Here at Digital Focus, I often write about the science and technology of photography. But while the software, gadgets, and photo editing techniques are fun, some of the most important lessons in photography aren't about the technology at all. This week, let's set aside high-tech photo editing like high dynamic range and hyperfocal photography, and instead talk about a few of the most basic--and common--rules of composition. Mastering these rules can help you turn what could be a simple snapshot into something more--into a story about the moment in time in which the photo was taken.
Follow the Rule of Thirds
Most people are at least somewhat familiar with the rule of thirds. The rule of thirds is utterly ubiquitous: Every movie and TV show makes almost constant use of it, and professional photographers avoid putting the subject in the center of the frame almost without exception. To understand it, draw two lines through a photo, dividing it into thirds. This turns it into something like a tic-tac-toe board, as you see here.
At its essence, the rule of thirds says that you'll get the most interesting photos when your subject isn't in the center of the frame, but rather is positioned off-center, to the left, right, up, or down. You can position your subject at any of the four intersection points of the third lines, or along one of the four lines, like the birds in this example.
Use Diagonals to Your Advantage
Here's another trick using lines: If you want to add a sense of drama to your photograph, look for ways to incorporate a diagonal. Draw a mental line from one corner of the scene to the other; if you can find some element in the situation that more or less follows this line, it can make your shot more dynamic and add some energy to the scene, almost as if it's pulling the viewer through the scene. The diagonal can run the entire length of the photo, as it does in this photo.
But it's not critical for your diagonal to span the entire photo. You can get essentially the same effect even with a partial diagonal, such as this.
Break the Monotony
This is a fun one. No doubt you've seen photos in which most of the frame is filled with more or less the same thing: a field of grass, a pile of pennies, rocks, fish, stars in the night sky. Such photos truly would be monotonous if that's all they offered, but often, the photographer will incorporate one out-of-place element that attracts your eye like a magnet. With that in mind, this rule says that you should look for photos that are mostly uniform and then break the pattern with an element that disturbs the natural flow or organization of the scene.
Make it Symmetric (and Then Disturb Your Symmetry)
Rules, of course, are meant to be broken. The rule of symmetry is all about capturing the natural symmetry in nature. There are a few ways to do this. You might shoot a scene in which both sides of your photo are essentially the same, for example. Or you might shoot a photo of something that is itself quite symmetrical, like a flower.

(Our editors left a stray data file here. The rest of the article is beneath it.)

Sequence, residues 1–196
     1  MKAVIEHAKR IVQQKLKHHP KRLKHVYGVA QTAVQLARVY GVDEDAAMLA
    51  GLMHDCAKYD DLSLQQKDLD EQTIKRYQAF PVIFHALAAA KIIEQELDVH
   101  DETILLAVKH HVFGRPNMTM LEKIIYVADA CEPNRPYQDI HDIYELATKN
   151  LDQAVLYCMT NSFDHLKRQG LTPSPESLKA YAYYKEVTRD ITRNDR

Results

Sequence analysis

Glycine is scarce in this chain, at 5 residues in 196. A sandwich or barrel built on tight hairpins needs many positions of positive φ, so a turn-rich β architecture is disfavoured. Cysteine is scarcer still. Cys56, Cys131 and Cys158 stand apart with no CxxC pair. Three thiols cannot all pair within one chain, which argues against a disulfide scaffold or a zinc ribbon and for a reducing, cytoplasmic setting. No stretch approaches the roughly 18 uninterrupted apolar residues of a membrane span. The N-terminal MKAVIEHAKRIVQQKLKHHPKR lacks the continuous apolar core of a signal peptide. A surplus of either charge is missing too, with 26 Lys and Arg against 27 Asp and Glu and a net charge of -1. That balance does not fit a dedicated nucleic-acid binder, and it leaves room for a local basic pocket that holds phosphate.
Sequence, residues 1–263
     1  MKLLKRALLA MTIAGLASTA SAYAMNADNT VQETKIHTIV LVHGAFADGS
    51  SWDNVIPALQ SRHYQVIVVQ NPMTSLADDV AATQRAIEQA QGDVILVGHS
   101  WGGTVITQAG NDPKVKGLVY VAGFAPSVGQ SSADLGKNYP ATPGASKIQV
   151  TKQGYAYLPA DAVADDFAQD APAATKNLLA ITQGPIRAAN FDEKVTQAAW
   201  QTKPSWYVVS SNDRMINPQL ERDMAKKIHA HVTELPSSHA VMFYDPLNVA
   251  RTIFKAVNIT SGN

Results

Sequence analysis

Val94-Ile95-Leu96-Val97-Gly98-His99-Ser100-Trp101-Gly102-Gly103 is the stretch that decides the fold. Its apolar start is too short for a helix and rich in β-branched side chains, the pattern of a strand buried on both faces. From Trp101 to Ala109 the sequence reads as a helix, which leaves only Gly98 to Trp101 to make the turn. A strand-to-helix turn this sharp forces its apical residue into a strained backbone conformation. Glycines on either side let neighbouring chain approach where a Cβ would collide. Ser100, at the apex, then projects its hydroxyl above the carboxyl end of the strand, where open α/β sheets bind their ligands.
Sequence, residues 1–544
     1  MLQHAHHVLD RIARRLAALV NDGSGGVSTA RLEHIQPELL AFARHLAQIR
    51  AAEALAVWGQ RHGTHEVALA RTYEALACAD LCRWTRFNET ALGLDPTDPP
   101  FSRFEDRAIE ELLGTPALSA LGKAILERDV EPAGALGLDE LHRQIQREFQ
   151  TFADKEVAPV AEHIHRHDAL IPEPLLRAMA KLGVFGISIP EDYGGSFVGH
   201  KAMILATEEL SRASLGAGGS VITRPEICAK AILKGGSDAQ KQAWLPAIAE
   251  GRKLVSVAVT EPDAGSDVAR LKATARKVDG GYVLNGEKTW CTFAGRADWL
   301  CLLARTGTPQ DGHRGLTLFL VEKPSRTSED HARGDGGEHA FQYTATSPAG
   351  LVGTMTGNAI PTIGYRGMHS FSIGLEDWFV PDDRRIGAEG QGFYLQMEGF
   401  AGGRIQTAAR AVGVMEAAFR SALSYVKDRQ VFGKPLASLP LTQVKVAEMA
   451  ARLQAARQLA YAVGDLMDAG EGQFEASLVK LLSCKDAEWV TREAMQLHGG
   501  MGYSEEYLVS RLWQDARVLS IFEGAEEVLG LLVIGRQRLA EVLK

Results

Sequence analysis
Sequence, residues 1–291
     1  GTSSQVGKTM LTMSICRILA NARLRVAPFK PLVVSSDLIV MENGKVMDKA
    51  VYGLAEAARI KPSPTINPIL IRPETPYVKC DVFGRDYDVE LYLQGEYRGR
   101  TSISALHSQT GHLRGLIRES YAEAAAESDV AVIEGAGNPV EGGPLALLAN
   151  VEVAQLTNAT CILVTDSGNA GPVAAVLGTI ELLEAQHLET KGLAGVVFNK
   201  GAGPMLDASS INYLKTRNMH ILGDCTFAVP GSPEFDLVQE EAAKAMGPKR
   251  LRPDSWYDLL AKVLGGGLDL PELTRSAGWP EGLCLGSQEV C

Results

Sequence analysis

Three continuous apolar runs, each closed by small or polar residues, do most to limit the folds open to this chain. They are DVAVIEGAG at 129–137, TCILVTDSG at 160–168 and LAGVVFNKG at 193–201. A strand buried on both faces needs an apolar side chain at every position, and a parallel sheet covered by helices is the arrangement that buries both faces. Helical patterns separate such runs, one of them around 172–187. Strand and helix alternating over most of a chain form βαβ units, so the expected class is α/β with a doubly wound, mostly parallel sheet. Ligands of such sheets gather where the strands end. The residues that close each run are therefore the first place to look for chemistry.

Even better, though, is when you incorporate a lesson from the rule about monotonous content and shake things up with a little variation. Surprise the viewer, either by making one side of the photo nonsymmetrical, or, in this example, defeat the symmetry of the flower by shooting only part of it in the frame.
Position Movement Into the Frame
One of my favorite photo subjects is motion. I like capturing the essence of speed and energy in what's by its very definition a static art form. But how you introduce that motion into your photo is really important. Whether you're shooting a speeding car, an airplane, a flock of birds, or a running dog, be sure that the motion leads into the frame, not out of it. By that, I mean you should give the leading edge of your moving subject plenty of room; it should be positioned on a third line (see the rule of thirds) and pointed at the center of the frame, not at the closest edge, as you see in this shot.
Hot Pic of the Week
Get published, get famous! Each week, we select our favorite reader-submitted photo based on creativity, originality, and technique.
Here's how to enter: Send us your photograph in JPEG format, at a resolution no higher than 640 by 480 pixels. Entries at higher resolutions will be immediately disqualified. If necessary, use an image editing program to reduce the file size of your image before e-mailing it to us. Include the title of your photo along with a short description and how you photographed it. Don't forget to send your name, e-mail address, and postal address. Before entering, please read the full description of the contest rules and regulations.
This week's Hot Pic: "Pastel Winter Park" by Valerie Jennings, New York
Valerie writes: "I took this photo of Central Park after a soft snowfall using my Nikon Coolpix VR ISO 2000."
This week's runner-up: "Just After Sunset" by Nathan M. Hess, Newark, New Jersey
Nathan says: "My roommate pointed out a beautiful sunset, so I grabbed my camera and headed to the roof. I took this shot almost an hour after the sun had disappeared over the horizon using my Olympus E-520."
This story, "The Rules of Photographic Composition" was originally published by PCWorld.